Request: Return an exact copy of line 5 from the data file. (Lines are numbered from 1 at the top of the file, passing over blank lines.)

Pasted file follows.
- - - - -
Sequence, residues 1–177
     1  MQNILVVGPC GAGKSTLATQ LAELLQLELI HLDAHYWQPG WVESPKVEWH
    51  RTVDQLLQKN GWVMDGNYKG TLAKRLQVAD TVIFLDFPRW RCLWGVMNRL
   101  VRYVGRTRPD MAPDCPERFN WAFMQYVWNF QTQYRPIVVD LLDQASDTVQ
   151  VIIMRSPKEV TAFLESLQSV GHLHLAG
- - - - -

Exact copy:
   151  VIIMRSPKEV TAFLESLQSV GHLHLAG